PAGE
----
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The latest AWS outage has generated a new round of debate regarding the reliability of cloud services. Yet, AWS's growth hasn't slowed. Instead, a growing number of large and small organizations are using AWS offerings because of the measurable business benefits they can attain.
Once again, the outages centered around services delivered from Amazon Web Services' (AWS) Northern Virginia area data centers -- its US-EAST-1 region. Service was disrupted for six to eight hours and affected many of AWS' biggest users, including Netflix, Tinder, Airbnb and IMDB. Customers of these services were similarly affected until companies were able to restore services.
Despite the inconvenience and all the press attention, you'd be hard-pressed to find corporate customers or consumer end users who are so fed up with the AWS outage that they would abandon their cloud services. Instead, more corporate customers, along with their consumer end users, recognize that service disruptions are inevitable and the benefits they derive from AWS far outweigh the risks associated with its cloud services.
AWS gained a lot of its initial success by serving the startup community, which was happy to use the low-cost cloud services to reduce upfront costs of launching new businesses and ongoing costs of scaling their operations. AWS reliability has now made the cloud provider an equally attractive alternative for enterprises seeking to reduce their costs and gain greater agility.
AWS reliability trumps other options
A recent International Data Corporation (IDC) report about the business value of AWS shows that a growing number of companies is not only adopting AWS cloud services, but remaining loyal despite periodic service disruptions. IDC interviewed 10 enterprise organizations from a variety of industries about how they are using AWS' capabilities. The organizations boasted an average of 4,099 employees and support 41 business applications with AWS offerings, including an average of 1,366 Amazon Elastic Compute Cloud virtual servers.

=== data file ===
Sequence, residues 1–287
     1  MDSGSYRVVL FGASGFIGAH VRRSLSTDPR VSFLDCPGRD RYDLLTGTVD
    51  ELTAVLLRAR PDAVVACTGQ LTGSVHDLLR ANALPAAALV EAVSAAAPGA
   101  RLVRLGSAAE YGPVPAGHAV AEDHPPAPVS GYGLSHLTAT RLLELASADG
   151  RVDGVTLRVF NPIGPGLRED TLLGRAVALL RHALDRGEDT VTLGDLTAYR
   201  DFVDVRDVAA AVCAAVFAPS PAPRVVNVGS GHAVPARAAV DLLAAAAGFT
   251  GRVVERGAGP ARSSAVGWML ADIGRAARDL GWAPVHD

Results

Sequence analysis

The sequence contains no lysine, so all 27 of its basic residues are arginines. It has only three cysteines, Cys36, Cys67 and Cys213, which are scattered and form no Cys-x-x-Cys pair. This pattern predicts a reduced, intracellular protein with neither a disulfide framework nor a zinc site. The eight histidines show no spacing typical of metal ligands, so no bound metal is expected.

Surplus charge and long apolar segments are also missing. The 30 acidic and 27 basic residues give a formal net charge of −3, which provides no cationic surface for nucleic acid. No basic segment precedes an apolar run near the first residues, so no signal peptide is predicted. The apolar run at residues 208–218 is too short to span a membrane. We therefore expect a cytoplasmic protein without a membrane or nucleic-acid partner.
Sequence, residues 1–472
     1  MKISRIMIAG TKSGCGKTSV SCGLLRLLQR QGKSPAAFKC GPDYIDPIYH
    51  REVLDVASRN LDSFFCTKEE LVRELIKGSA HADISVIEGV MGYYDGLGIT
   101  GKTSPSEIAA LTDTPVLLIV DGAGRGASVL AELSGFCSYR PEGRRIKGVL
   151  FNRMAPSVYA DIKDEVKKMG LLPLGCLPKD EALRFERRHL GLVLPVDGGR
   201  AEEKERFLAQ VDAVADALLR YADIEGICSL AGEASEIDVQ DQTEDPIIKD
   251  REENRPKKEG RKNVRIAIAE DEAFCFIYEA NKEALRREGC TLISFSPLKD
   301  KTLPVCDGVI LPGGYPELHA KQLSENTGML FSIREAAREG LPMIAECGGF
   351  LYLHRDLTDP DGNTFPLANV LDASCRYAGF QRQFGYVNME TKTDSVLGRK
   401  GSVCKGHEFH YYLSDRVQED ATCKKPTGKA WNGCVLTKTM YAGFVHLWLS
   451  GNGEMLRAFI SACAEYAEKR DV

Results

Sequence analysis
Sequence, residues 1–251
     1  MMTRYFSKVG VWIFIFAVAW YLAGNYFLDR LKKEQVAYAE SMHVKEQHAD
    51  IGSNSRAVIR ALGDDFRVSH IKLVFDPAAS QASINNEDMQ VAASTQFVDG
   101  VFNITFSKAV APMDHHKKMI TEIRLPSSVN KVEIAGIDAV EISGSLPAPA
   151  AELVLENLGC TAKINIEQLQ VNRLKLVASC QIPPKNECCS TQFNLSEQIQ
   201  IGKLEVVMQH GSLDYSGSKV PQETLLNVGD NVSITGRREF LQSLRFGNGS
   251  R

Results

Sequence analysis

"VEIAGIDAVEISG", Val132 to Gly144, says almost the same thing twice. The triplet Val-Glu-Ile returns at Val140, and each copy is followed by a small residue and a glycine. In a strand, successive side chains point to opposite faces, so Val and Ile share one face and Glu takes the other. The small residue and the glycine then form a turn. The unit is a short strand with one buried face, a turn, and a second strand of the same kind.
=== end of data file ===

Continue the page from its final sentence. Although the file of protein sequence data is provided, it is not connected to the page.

While the general perception is that AWS is best suited for testing new applications, responding to seasonal workload fluctuations, or storing static data, the majority of the respondents to IDC's survey reported they use AWS for customer- or constituent-facing applications, and they rated these applications as being very critical (4.7 out of 5 on average -- with 5 being most critical). They also use AWS for both steady-state and variable workloads.
According to the study, "Amazon customers will capture five-year business benefits worth over $1.5 million per application they are running in the AWS environment, and earn a return on their investment in AWS of 560%." These benefits fall into four areas:
- Business productivity
- Risk mitigation -- user productivity
- IT staff productivity
- IT infrastructure cost reductions
Based on respondents, "these organizations will achieve business benefits worth an annual average of $446,131 per application being run in the AWS environment over five years, or $18.2 million per organization," IDC projects.
It's easy to see why more organizations are migrating workloads to AWS and staying with their cloud services -- despite the downtime risks. However, the IDC report also found that there are substantially fewer downtime risks with AWS than respondents experienced within their own on-premises operations or elsewhere. Survey respondents experienced 10.6 unplanned downtime instances per year without AWS and only 2.1 with AWS, a 79.8% improvement. These organizations also reduced the number of productive hours lost per year, per user from 3.0 to 0.5 using AWS, or an 81.7% improvement.
AWS reliability makes a convincing argument in favor of moving workloads to the Amazon cloud and sticking with the services -- regardless of the occasional outage. It's no wonder AWS re:Invent 2015 attendance is expected to jump about 30% with more than half of attendees coming from large-scale enterprises.
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